Free Access
Volume 526, February 2011
Article Number A154
Number of page(s) 6
Section Extragalactic astronomy
Published online 13 January 2011

© ESO, 2011

1. Introduction

The gamma-ray burst (GRB) 050502B was a remarkable event that showed a conspicuous X-ray flare lasting from  ~400 to 1400 s after trigger, with as much energy (~9 × 10-7 erg cm-2, in the 0.3–10.0 keV band) as the prompt emission itself ((8.0 ± 1.0) × 10-7 erg cm-2, in the 15–350 keV band). The X-ray light curve also showed later activity and a second less intense flare, followed by a possible jet-break at  ~1.1 × 105 s (Falcone et al. 2006; Burrows et al. 2005b). Given how exceptional this GRB is, it is important to study its optical afterglow, searching for properties that may lead to a better understanding of its phenomenology.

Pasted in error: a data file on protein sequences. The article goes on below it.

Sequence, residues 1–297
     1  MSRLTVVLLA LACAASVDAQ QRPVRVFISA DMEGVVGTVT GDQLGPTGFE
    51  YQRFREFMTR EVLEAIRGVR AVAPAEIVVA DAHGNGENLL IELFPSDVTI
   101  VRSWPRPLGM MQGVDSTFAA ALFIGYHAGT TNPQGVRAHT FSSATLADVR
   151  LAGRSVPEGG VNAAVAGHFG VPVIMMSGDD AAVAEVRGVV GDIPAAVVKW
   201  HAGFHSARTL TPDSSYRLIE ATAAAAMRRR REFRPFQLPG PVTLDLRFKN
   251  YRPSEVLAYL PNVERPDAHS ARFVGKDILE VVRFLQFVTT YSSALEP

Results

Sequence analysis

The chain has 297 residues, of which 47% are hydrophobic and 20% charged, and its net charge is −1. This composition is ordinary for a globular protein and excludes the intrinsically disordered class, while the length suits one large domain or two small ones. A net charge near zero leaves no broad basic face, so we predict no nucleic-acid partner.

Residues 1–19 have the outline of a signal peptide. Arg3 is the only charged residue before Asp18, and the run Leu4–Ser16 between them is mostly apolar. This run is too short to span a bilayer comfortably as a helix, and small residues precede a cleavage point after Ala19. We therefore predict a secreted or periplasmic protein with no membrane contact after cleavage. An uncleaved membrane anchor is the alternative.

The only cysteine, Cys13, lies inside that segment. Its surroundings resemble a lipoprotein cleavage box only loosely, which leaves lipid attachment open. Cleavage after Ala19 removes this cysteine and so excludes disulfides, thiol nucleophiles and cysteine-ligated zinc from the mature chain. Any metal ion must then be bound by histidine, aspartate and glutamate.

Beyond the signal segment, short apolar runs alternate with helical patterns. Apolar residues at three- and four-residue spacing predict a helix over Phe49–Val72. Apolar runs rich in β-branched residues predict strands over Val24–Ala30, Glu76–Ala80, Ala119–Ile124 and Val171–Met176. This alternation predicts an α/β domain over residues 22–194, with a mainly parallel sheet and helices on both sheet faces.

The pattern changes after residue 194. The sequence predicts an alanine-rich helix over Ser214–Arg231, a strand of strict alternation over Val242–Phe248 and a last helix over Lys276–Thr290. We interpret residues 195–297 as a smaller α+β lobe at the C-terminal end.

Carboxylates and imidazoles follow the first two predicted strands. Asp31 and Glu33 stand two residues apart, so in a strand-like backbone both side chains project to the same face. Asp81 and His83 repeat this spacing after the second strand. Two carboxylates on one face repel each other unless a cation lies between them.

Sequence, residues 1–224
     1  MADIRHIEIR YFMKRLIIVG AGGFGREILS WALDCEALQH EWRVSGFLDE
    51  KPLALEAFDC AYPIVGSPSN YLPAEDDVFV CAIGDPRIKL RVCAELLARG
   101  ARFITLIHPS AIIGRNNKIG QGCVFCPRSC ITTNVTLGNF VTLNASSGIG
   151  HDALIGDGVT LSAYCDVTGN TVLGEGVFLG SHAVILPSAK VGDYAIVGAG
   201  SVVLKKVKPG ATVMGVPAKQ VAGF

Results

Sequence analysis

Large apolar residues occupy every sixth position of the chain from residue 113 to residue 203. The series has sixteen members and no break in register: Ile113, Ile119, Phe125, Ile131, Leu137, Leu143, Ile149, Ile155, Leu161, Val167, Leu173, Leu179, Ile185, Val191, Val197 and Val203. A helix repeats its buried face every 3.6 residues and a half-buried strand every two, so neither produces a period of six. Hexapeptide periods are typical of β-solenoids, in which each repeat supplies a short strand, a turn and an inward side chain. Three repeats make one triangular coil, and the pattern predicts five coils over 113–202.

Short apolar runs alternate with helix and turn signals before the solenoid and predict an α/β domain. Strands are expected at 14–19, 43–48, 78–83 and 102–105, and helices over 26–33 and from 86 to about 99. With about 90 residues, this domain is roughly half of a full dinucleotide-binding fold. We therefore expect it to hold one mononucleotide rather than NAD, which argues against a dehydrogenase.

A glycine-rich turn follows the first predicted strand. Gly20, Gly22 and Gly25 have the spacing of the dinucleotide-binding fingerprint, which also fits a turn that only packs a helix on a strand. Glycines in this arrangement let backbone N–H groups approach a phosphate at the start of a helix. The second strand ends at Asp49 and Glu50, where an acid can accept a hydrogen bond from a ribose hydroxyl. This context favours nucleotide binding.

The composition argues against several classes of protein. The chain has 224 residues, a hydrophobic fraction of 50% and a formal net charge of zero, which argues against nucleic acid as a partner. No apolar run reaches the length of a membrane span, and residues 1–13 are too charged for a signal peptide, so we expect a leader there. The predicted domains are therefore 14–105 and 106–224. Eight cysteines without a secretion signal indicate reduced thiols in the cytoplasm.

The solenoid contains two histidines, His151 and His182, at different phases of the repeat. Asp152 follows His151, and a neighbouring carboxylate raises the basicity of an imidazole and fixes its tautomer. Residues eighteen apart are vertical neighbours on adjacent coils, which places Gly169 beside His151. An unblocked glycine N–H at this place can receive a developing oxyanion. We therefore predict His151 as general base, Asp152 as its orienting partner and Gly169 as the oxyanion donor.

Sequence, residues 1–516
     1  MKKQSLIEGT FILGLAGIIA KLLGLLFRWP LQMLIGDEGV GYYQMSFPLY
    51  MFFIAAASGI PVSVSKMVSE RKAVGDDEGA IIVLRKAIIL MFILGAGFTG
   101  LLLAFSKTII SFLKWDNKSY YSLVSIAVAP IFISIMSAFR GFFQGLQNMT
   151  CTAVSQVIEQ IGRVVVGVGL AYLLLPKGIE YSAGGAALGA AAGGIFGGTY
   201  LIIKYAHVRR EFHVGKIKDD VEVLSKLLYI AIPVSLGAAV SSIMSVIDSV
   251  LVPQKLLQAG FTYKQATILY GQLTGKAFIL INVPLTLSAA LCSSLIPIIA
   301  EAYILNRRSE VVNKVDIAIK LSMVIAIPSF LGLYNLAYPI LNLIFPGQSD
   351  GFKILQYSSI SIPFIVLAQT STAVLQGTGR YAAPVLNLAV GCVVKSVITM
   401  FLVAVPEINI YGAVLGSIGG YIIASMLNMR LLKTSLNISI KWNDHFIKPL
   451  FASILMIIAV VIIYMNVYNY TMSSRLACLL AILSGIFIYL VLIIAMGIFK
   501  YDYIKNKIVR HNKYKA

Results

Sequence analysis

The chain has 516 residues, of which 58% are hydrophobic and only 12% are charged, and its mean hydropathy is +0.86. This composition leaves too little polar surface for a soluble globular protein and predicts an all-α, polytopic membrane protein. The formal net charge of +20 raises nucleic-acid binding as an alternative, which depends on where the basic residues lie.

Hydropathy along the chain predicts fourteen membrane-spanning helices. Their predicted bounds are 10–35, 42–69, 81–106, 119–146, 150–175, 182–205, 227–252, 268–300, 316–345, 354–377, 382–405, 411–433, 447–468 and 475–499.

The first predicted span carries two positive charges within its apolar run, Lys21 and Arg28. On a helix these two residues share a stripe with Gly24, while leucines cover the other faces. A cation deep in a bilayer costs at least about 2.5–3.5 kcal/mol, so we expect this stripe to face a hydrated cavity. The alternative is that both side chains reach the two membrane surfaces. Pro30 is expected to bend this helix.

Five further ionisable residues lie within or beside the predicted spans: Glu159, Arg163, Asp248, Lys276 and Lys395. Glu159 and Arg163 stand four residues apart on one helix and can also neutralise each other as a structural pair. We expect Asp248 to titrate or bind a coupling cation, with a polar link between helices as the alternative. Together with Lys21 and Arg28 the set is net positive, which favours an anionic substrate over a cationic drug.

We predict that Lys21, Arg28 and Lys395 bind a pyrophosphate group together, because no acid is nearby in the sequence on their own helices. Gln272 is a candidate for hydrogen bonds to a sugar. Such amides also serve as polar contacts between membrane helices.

As expected, when the relativistic jet slows down, the aberration of light due to Special Relativity effects becomes less important, and thus the beaming angle, θb ~ 1/Γ, increases within the jet (Rhoads 1997). A jet-break occurs when the Lorentz factor is such that 1/Γ > θjet, resulting in a significant decrease in the afterglow brightness and steepening of the light-curve at all wavelengths. In the Swift satellite era (Gehrels et al. 2004), X-ray light curves are much better sampled than previously, but simultaneous optical and X-ray light-curve breaks have been rarely observed. For example, from the sample of Liang et al. (2008), with Swift X-Ray Telescope (XRT; Burrows et al. 2005a) data for 179 GRBs and 57 pre- and post-Swift GRBs optical afterglow data, only 7 of them show an achromatic break. This apparent lack of jet breaks is still being debated and could be due to a combination of higher redshifts, fainter bursts, larger opening angles, etc. Models that go beyond the fireball external shock afterglow scenario have also been explored, as they include an extra component that can be described as “late prompt” emission due to late time activity of long-lived central engines. As discussed by Ghisellini et al. (2009) and Nardini et al. (2010), the lack of achromatic breaks could be explained by the presence of this “late prompt” emission.